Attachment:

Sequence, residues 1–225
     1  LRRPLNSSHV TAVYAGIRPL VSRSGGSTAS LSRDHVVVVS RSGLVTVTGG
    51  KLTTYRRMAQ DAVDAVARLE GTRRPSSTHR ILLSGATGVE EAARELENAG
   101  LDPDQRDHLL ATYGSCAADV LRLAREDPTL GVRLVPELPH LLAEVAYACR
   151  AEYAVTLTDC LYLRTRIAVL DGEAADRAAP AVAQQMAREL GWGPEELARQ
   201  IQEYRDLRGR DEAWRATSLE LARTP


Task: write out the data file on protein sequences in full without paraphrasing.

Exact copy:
Sequence, residues 1–225
     1  LRRPLNSSHV TAVYAGIRPL VSRSGGSTAS LSRDHVVVVS RSGLVTVTGG
    51  KLTTYRRMAQ DAVDAVARLE GTRRPSSTHR ILLSGATGVE EAARELENAG
   101  LDPDQRDHLL ATYGSCAADV LRLAREDPTL GVRLVPELPH LLAEVAYACR
   151  AEYAVTLTDC LYLRTRIAVL DGEAADRAAP AVAQQMAREL GWGPEELARQ
   201  IQEYRDLRGR DEAWRATSLE LARTP